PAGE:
"You'd go into the gym and they were like hurting people," said Ellenberger. "Between Jens (Pulver), Robbie (Lawler) and Pat, I probably got dropped with body shots more times in like three or four sparring sessions that I have in my whole life."
That was back in 2005-06, after Ellenberger's stint in the U.S. marines.
"You're like, 'Why am I doing this? It sucks,'" Ellenberger recalled of his time at Miletich's where fighters either got better or got out.
At the same time north of the border, a teenage Rory (Ares) MacDonald had already started his MMA journey at a gym in Kelowna, B.C.
MacDonald is a new breed of MMA fighter. Instead of merging into the hybrid sport from wrestling, kick-boxing or another discipline, MacDonald started learning them all together. He made his pro debut in October 2005, with his parents signing off on the 16-year-old fighting.
At 28, Ellenberger is just four years older than MacDonald so it will be hardly two generations of welterweights climbing into the cage Saturday night at KeyArena on a televised UFC card.
But the fourth-ranked Ellenberger represents a stiff test for No. 3 MacDonald, seen by some as a future 170-pound champion.
Ellenberger (29-6) has packed a lot into his MMA career, having fought in the IFL, Bodog, M-1 and Bellator before going 8-2 in the UFC.
"He's a phenomenal opponent," Firas Zahabi, who trains both MacDonald (14-1) and champion Georges St-Pierre, said of Ellenberger. "He could be a world champion, he could easily be a world champion right now. He hits hard, he's a great wrestler, he's game, his accuracy is great. He's a phenomenal puncher, a phenomenal fighter."
"He's a very, very well-rounded fighter," added John Danaher, the Brazilian jiu-jitsu coach to both MacDonald and GSP.
Ellenberger, a native of Nebraska who now lives and trains in California, is also more than a little mischievous. He has waged a one-sided Twitter war of words against the stony-faced MacDonald, who is less than comfortable opening up in front of strangers although he is getting better.
MacDonald's conversation with a scrum of print reporters lasted two minutes 43 seconds Thursday.
Ellenberger insists his pushing MacDonald's buttons is nothing personal. But his pre-fight hype has helped crank up interest in their co-main event and overshadow the main event title fight between flyweight champ Demetrious (Might Mouse) Johnson and relative unknown John Moraga.
"Rory is talented. Top 10, No," Ellenberger says in his official ufc.com bio. "He has been invented by the media and sold to the fans like a new Justin Bieber song."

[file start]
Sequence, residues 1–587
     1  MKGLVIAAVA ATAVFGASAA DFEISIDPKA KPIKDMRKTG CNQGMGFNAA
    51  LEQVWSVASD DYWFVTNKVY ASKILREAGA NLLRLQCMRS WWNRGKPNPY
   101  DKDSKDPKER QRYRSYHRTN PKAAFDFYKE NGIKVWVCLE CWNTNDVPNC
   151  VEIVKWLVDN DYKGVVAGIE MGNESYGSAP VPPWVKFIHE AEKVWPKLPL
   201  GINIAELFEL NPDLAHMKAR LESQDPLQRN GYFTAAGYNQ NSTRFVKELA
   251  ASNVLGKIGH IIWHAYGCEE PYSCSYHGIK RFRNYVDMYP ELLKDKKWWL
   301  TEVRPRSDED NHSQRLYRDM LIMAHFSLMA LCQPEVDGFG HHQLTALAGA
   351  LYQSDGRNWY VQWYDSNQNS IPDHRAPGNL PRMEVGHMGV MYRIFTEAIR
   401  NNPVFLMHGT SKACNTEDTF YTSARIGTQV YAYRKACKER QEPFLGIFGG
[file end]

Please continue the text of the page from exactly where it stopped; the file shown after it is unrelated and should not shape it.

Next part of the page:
Ellenberger believes he has got under MacDonald's skin. But he is also smart enough to know that winning the pre-fight war of words won't mean much when it comes to throwing down.
"We're still going to fight. Whether I say something or not, we're still going to fight and I've got to perform, which is exactly what I'm looking forward to."
MacDonald's flavour of the month status has wavered in recent times, perhaps due to a fight schedule that has only seen him in action twice since August 2011 due to injury.
While he is 5-1 in the UFC and has won four straight, critics point to the fact that B.J. Penn and Nate Diaz are lightweights in reality while Che Mills and Mike Pyle were no world-beaters.
That seems somewhat revisionist. MacDonald thumped all four, racking up a combined 229 significant strikes to his opponents' 59. He also led 10-2 in takedowns, with seven of those coming against Diaz.
At six foot, Macdonald has two inches in height and 2.5 inches in reach on Ellenberger. And these days, he exudes an icy-cold approach to fighting. He is not a man to be taken lightly.
Ellenberger, perhaps not surprisingly, points to MacDonald's lone loss in the UFC — a TKO defeat at the hands of former WEC champion Carlos (Natural Born Killer) Condit in June 2010.
"I've seen what I needed to see, I've seen him break," said Ellenberger.
Of course, Ellenberger also lost to Condit when they fought in September 2009.
MacDonald was due to face No. 2 Condit in a rematch at UFC 158 in March but the Montreal card was rejigged after the Canadian was sidelined with a neck injury. Johny Hendricks beat Condit to become the No. 1 contender while Ellenberger, who had been due to face Hendricks, knocked out former Strikeforce champion Nate (The Great) Marquardt.
MacDonald had to watch from the sidelines.
While MacDonald, who now calls Montreal home, is beginning to loosen up in the public eye, he is not your average cage-fighter. While many show up at post-fight news conference in a sponsor's T-shirt, MacDonald dips deep into his extensive wardrobe.
MacDonald has style inside and outside the cage.
Lawler, who is also on Saturday's card, is looking forward to seeing MacDonald and Lawler scrap.
"It's going to be a slugfest, I think," he said. "Technical (MacDonald) versus athleticism and brute force (Ellenberger)."
Zahabi has said that he has worked with MacDonald to refine his training to avoid injury, trying to get the young fighter to sharpen his skills with more technical drills rather than "grinding out his body" in the gym.
"There's a time to train hard but that has to be periodical and that's what Rory has to learn."
Should MacDonald win Saturday, there will be more talk of whether he will ever face St-Pierre for the title.
It's been a constant issue with Zahabi forced to answer questions during this camp on why the champion was not helping MacDonald prepare for Ellenberger. Zahabi says the answer is simple. He has better Ellenberger lookalikes in camp and St-Pierre, who faces No. 1 contender Hendricks in November, is facing a totally different opponent that MacDonald's.
"It's not really a question, it's just a repetitive question," Zahabi said of a possible GSP-MacDonald matchup. "The answer's always the same
"They're not planning on fighting each other. Everybody's training well together and we're getting along and there are more important things in life."